An engagingly loopy comedy that sometimes struggles too hard to be significant.
An engagingly loopy comedy that sometimes struggles too hard to be significant, “Original” is not quite as original as it thinks it is, but still reps a promising first feature by Danish writer-directors Antonio Tublen and Alexander Brondsted. Winner of two awards at the Shanghai fest — for feature and lead actor Sverrir Gudnason — this David-Lynch-lite outing is fest and Eurocable material. Local release is skedded for the fall.
Gudnason, who also narrates, plays Henry, the son of a crazed Swedish inventor and a mad Danish actress (vet Ghita Norby), though he was raised by his aunt and now lives in Malmo, Sweden. After being fired from his boring bank job and ditched by his g.f., Henry falls in with Jon (David Dencik), who wants to open an eatery in Spain even though he can hardly cook.
The two likable losers set out in an RV to fulfill Jon’s dream (“Maybe it’s my destiny!” opines Henry), but a series of small events make it difficult for them to even leave Scandinavia. Stopping off at the local Ikea store, Henry meets and falls for wannabe singer Marie (Tuva Novotny, delightful). And when he and Jon cross over to Denmark, Henry pays a farewell visit to his mom, whom the sanitarium’s head doctor (Charlotte Fich) is trying to reprogram via some new medical technique.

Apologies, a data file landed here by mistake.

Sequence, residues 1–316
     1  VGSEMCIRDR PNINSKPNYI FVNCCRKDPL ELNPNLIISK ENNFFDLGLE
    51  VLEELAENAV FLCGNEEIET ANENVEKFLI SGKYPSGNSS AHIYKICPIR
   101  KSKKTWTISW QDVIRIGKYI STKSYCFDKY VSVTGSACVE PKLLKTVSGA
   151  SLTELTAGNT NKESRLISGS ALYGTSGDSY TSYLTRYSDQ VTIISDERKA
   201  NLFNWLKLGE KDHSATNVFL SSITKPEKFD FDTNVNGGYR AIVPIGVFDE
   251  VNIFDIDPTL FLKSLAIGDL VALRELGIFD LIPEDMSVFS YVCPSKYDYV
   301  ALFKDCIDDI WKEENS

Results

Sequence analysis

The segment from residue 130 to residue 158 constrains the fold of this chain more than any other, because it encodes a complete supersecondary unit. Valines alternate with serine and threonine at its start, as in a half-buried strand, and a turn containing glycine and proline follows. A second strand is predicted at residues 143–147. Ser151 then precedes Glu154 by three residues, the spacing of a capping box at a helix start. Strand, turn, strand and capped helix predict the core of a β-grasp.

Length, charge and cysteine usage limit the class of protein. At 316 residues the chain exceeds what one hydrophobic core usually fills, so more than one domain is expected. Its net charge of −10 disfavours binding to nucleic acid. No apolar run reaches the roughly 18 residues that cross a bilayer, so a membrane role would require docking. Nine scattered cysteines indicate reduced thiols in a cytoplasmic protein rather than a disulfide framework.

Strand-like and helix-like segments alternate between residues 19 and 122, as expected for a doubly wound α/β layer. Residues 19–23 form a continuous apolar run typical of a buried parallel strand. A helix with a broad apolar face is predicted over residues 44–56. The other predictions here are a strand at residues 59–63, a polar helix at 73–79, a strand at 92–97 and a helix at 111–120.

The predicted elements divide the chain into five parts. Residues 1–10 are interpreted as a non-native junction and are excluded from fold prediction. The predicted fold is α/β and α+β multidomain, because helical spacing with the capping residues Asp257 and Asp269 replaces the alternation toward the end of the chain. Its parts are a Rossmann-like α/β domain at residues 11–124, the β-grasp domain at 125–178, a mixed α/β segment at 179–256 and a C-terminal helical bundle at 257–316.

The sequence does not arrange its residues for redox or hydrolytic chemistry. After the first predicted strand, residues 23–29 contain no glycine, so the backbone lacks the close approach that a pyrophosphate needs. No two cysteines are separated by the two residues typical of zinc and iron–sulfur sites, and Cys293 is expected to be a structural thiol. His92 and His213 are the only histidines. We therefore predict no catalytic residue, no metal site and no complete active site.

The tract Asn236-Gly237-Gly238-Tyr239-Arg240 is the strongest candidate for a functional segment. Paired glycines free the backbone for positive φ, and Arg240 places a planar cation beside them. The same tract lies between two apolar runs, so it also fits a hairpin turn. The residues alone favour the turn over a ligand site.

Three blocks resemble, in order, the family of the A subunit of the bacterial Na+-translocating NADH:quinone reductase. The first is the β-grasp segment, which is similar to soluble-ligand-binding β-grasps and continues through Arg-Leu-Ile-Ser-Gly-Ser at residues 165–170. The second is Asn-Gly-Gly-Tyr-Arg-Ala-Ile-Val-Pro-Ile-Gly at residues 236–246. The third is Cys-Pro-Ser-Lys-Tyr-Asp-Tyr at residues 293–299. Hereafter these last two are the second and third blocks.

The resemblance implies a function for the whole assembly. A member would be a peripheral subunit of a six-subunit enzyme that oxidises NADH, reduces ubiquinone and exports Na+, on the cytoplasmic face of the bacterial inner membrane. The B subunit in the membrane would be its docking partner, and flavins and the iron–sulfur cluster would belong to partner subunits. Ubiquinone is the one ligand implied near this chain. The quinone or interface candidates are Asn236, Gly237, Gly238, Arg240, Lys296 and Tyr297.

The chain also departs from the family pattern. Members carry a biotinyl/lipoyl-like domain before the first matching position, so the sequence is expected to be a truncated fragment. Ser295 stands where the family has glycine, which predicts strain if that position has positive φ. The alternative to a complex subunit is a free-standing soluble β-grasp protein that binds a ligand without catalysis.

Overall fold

On a whim, Henry tries to kidnap his mom, but fails. Later, at a Copenhagen club, he bumps into Marie, who’s been lured to the unsavory joint by promises of a singing gig.
The pic is starting to tread water when, at the 80-minute mark, a surprising twist throws everything the audience has been led to believe back into the blender. But the filmmakers undercut the whole tale with an ending that unnecessarily spells out the point of the exercise in capital letters.
For all the script’s talk of “finding ourselves” and being “a brilliant original” rather than a “pale copy,” the pic is essentially a low-key absurdist comedy, and none the worse for that. With his dimwit gaze, Gudnason makes a fine protag, but the color in the movie is provided by the supports, especially Novotny as the slightly demented love of his life, Dencik as the dreamer Jon, and Fich as the scarily authoritarian doctor.
The marginally pop-arty, retro look of the costumes and color scheme is supported by co-helmer Tublen’s attentive music score. Non-Scandi auds may miss the fact that the story keeps going back and forth between Sweden and Denmark.